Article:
Has your cat, within the past hour or so, become suspiciously sluggish and lethargic? Is she drooling, vomiting or walking unsteadily? Has her breathing suddenly become heavy and strained? If so, you’ll be wise to contact your veacterinarian without delay or, better yet, to rush the cat immediately to the nearest veterinary clinic.
Although the disturbing signs that she’s exhibiting may be associated with a wide range of feline diseases, they can instead indicate that she’s accidentally consumed something poisonous — in which case she may need to receive emergency medical treatment.
A fairly common occurrence
According to Elizabeth Rozanski, DVM, associate professor of emergency and critical care in the Department of Clinical Sciences at Tufts, feline poisonings are seen “fairly often” by her and her colleagues. “Toxicities are relatively common,” she says. “At our emergency facility, we may treat as many as three in a single day. On average, I’d say that we probably treat one case of feline poisoning every other day or so, and we see more cases in the summer months than in the rest of the year due to toxicity resulting from treatment with certain flea products.”
In most cases, cats showing the clinical signs of poisoning have ingested substances that are commonly found in the living area, garage, basement or backyard of the typical home. The toxic agents range widely, from antifreeze to human medications and certain houseplants. According to records maintained by the American Society for the Prevention of Cruelty to Animals (ASPCA), the list of potentially toxic household substances seems endless. The organization’s Animal Poison Control Center hotline receives well over 100,000 phone calls annually concerning substances that might be poisonous. Many of the calls are from people who fear that their cats have ingested a toxic substance and who are seeking guidance regarding emergency treatment.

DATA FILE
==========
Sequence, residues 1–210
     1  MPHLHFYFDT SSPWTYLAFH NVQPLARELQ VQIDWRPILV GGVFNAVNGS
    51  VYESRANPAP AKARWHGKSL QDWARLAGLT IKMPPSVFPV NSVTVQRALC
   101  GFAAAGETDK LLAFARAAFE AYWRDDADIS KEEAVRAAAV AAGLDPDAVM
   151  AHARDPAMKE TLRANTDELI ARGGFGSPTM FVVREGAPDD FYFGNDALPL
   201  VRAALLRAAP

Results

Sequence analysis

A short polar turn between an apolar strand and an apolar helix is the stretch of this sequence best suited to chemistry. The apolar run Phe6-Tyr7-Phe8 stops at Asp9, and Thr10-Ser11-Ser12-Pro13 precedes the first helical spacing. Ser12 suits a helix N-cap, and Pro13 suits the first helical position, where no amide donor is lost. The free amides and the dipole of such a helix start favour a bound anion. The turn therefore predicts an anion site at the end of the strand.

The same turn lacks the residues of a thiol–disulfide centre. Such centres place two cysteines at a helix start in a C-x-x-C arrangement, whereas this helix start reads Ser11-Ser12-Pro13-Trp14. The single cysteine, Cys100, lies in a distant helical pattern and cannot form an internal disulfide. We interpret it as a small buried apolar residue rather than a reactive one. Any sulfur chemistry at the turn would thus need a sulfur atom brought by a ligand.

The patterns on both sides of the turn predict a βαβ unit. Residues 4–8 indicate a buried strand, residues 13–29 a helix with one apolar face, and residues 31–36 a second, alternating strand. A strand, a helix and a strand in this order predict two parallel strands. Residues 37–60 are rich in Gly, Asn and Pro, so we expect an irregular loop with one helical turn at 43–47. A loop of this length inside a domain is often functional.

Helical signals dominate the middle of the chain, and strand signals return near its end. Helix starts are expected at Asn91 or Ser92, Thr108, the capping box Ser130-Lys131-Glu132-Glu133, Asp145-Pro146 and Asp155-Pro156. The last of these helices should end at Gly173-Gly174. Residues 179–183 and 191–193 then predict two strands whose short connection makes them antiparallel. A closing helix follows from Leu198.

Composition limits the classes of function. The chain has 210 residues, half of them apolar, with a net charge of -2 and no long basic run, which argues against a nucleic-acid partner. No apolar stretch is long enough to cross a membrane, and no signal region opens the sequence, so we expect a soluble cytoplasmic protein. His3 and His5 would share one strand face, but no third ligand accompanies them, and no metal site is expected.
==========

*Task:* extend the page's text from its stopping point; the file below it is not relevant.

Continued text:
Following are some of the substances commonly found in or near the home that are poisonous to cats and have been most frequently asked about in recent years by worried callers to the ASPCA hotline:
Human medications, including antidepressants, cold medications, dietary supplements, and pain relievers — especially such substances as aspirin, acetaminophen and ibuprofen;
Household cleaners, including bleach, detergents, and disinfectants, which can cause severe gastrointestinal and respiratory distress if swallowed by a cat;
Common indoor and outdoor household plants, especially lilies, but also such plants as tulips, foxglove, azaleas, rhododendrons, sago palms, philodendrons, kalanchoe and schefflera (Dr. Rozanski points out that some plants referred to as lilies are not “true lilies” — such as the calla lily and peace lily — and are not toxic to cats.);
Insecticides, especially those potent products that are intended for use in killing fleas, ticks and other insects on dogs but not on cats;
Veterinary medications, such as deworming medications, antibiotics, anti-inflammatory drugs and nutritional supplements, which can be toxic to a cat if improperly dispensed;
Rodenticides, chemical substances that are designed to poison mice and rats but may be harmful if ingested by a cat, although Dr. Rozanski notes that cats will almost never ingest such substances;
Human foods, such as avocados, onions, garlic, yeast dough and drinks containing even a tiny amount of alcohol;
Heavy metals, such as zinc, lead and mercury, which may pose a severe health threat if ingested or inhaled;
Gardening products, such as fertilizers, which can cause severe gastric upset and possible gastrointestinal obstruction if ingested;
Chemicals, such as ethylene glycol antifreeze, paint thinner and swimming pool cleaning agents, which can cause burns on an animal’s skin and potentially deadly respiratory disorders if ingested. (Among these chemicals, says Dr. Rozanski, antifreeze is “particularly deadly.”)
The lethal potential of these and other toxic substances depends on several factors, such as the inherent potency of the substance; the amount of it that is inhaled, ingested or in some other way enters a cat’s system; the age, size and overall health of an affected animal; the way in which the poisonous substance is metabolized; and the toxin’s persistence in a cat’s immediate environment.